Great leap into the unknown

04.15.10
Ailey II
New York Post

By Leigh Witchel

Here's your chance to play talent scout. For the Joyce Theater's 1.2.3. Festival, three of New York's big league companies are showcasing their up-and-coming minor league players. Can you spot the ones who'll break into the majors?

The companies -- Taylor 2, ABT II and Ailey II -- are rotating performances, but at Tuesday night's opening they all shared the stage.

Taylor 2 performed Paul Taylor's perennial "Company B," which uses Andrews Sisters recordings as the soundtrack for America's cheerful and fearful dreams during WWII. The original main company version is for 13 dancers; it's done here by only six.

This cast lays on the darker overtones of wartime a little thickly, but Justin Kahan's energy and humor as a bespectacled nebbish who still gets the girls make him Most Valuable Player.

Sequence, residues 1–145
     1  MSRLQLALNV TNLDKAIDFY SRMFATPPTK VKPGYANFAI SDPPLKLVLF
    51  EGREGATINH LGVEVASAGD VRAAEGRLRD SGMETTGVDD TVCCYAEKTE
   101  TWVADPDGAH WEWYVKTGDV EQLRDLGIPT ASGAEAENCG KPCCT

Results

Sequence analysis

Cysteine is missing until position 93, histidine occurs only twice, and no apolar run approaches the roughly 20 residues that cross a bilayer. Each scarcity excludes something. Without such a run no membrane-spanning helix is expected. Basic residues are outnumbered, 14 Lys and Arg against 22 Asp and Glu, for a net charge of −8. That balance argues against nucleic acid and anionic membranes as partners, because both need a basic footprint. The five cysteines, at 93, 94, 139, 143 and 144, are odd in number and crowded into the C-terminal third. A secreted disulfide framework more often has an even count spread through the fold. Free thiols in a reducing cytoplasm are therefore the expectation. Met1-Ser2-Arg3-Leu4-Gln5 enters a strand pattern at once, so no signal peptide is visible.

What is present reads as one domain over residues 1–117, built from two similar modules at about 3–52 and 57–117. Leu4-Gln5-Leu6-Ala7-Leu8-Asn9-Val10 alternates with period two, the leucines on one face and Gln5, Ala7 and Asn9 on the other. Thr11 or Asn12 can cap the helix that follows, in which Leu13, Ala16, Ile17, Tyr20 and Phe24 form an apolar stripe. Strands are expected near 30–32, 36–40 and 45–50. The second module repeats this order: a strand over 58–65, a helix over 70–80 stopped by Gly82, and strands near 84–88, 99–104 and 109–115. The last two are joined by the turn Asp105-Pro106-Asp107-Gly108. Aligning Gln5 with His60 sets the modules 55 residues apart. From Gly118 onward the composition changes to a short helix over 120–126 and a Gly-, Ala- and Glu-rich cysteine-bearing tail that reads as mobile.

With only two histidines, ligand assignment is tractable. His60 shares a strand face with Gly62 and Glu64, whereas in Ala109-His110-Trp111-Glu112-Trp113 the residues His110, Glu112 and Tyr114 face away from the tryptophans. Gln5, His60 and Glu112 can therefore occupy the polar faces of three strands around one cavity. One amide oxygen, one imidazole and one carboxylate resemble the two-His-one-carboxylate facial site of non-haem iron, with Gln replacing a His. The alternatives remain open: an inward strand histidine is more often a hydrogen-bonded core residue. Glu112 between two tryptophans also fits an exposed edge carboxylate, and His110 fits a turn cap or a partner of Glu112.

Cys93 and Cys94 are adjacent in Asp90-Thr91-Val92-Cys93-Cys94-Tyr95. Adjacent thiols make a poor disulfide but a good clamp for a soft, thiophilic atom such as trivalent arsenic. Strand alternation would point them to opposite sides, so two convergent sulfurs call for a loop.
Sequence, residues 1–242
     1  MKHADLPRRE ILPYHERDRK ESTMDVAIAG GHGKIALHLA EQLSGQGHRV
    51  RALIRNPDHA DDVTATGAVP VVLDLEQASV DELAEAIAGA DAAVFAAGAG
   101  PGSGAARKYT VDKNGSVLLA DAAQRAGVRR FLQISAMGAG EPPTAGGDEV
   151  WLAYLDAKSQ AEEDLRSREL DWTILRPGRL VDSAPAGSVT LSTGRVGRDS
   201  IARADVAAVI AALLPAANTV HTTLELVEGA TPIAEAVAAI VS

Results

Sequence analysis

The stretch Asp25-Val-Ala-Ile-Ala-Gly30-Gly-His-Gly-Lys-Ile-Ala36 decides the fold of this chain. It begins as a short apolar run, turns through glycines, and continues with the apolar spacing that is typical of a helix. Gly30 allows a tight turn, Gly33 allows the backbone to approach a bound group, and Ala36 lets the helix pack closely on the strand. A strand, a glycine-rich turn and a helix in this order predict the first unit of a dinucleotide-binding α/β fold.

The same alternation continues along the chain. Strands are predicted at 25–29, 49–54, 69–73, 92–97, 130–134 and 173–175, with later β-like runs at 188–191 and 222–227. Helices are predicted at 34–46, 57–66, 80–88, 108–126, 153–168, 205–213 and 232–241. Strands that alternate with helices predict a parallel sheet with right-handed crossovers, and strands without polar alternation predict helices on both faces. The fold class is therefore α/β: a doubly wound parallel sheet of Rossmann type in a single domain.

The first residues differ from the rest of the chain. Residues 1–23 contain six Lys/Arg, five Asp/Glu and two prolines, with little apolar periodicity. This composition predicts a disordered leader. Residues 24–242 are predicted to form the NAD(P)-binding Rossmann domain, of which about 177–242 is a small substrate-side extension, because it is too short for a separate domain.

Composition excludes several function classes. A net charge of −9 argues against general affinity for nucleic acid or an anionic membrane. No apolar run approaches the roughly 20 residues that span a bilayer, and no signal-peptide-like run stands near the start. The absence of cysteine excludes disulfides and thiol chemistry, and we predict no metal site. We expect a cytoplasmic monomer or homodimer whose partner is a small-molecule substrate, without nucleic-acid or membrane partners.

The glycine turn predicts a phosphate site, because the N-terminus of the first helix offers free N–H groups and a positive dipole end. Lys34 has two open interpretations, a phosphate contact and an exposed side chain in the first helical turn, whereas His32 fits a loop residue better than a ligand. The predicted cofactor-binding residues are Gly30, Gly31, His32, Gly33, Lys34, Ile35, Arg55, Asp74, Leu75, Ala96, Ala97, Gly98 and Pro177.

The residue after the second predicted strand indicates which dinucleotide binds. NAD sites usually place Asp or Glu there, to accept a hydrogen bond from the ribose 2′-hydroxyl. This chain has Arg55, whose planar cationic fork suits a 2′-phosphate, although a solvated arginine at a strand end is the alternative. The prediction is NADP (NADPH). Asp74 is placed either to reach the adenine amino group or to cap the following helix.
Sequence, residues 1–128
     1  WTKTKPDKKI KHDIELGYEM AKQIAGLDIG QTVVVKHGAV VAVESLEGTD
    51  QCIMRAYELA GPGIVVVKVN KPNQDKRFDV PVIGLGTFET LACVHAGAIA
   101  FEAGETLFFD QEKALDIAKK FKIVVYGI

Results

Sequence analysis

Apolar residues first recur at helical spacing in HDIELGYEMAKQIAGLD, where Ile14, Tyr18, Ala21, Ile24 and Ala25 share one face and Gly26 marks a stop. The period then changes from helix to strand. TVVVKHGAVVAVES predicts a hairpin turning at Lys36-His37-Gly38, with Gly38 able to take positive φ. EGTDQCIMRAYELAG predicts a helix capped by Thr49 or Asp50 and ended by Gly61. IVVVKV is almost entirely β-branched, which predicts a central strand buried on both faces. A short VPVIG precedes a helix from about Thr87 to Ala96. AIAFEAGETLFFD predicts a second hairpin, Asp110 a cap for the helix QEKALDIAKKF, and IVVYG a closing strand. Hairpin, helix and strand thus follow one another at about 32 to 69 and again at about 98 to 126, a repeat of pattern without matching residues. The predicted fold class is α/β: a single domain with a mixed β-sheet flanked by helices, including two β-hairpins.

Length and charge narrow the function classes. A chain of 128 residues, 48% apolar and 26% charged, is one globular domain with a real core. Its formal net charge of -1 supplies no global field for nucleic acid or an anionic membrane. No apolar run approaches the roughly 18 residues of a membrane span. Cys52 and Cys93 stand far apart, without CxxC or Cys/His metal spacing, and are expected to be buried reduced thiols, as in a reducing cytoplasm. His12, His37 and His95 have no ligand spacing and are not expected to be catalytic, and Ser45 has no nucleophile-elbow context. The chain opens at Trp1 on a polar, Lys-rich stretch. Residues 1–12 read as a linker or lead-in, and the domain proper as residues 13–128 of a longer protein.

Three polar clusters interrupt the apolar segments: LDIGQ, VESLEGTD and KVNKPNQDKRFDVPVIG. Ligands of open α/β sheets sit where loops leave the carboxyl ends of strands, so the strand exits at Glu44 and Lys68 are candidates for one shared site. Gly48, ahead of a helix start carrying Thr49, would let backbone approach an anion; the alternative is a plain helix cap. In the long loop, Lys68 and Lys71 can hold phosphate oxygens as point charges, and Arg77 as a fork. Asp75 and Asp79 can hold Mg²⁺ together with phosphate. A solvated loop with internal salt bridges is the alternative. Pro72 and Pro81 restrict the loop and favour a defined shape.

ABT II brought a new work, "Ballo per Sei" by Edwaard Liang to Vivaldi. Although it looks like a lot of other ballets, it's still pleasant and showy, with demanding choreography that puts the dancers through their paces.

Look for 19-year-old Irlan Silva, whose story was chronicled in the documentary "Only When I Dance." He came from the slums of Rio de Janeiro to become one of the winners at the prestigious Prix de Lausanne competition. He's fleet in performance, tearing through tricky combinations like a jaguar. Stork-like Brittany DeGrofft, also 19, shows off her long legs and lovely feet.

Of all the junior companies, Ailey II looks most like its source namesake. The dancers, age 20 and older, have power and maturity. Judith Jamison's "Divining" uses all 12 Ailey II dancers but showcases the youngest, Ghrai DeVore, whose intensity and feline looks recall a young Eartha Kitt.

Which of these dancers will make it? Like baseball, there are more players than slots, but they all showed they're ready, willing and able to make the team.